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Opinion Influencers are whitewashing Syria’s regime, with help from sponsors

Sophie Fullerton: Bashar al-Assad’s regime has regained control of much of Syria, but over half its population remains displaced. She says the regime has been earnestly recruiting YouTubers and influencers to help burnish its image. Most travel influencers consider themselves apolitical, and their audiences are mainly interested in sights, sounds and flavors, she says. But even without explicitly parroting regime pronouncements or producing PR for it, these influencers are advancing the regime's agenda by imparting the false impression that the country's troubles are behind it, Fullerton says. Most Syrians still suffer in internal exile or as refugees abroad, and most Syrians are still suffering from internal exile and as refugees. The regime exploits the influencers’ naivete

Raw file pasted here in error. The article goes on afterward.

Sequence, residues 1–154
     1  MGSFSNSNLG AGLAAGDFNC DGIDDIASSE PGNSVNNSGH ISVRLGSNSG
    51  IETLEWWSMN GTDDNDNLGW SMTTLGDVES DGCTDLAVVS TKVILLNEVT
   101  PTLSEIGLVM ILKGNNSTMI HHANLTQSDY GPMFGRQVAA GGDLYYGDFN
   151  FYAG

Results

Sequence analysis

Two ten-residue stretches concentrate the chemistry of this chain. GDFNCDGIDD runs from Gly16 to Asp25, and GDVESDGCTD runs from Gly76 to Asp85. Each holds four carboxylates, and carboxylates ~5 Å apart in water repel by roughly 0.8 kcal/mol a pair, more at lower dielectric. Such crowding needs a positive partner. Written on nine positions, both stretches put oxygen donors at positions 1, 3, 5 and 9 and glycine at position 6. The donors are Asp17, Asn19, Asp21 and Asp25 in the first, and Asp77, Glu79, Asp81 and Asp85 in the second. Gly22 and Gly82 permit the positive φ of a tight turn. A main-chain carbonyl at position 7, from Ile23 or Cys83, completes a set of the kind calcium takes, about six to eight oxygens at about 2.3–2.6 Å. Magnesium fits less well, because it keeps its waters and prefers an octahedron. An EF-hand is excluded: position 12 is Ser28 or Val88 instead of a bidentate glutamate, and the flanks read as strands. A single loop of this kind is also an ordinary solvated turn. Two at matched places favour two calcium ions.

The value of such tourism to the regime is obvious, but it is more troubling that many posts have been sponsored by Western companies. Duolingo, Surfshark and Skillshare have all sponsored videos produced during these atrocity safaris. The vloggers have been able to monetize such content on YouTube. In one video, Benjamin Rich even used abandoned homes as a backdrop to sell SurfShark subscriptions.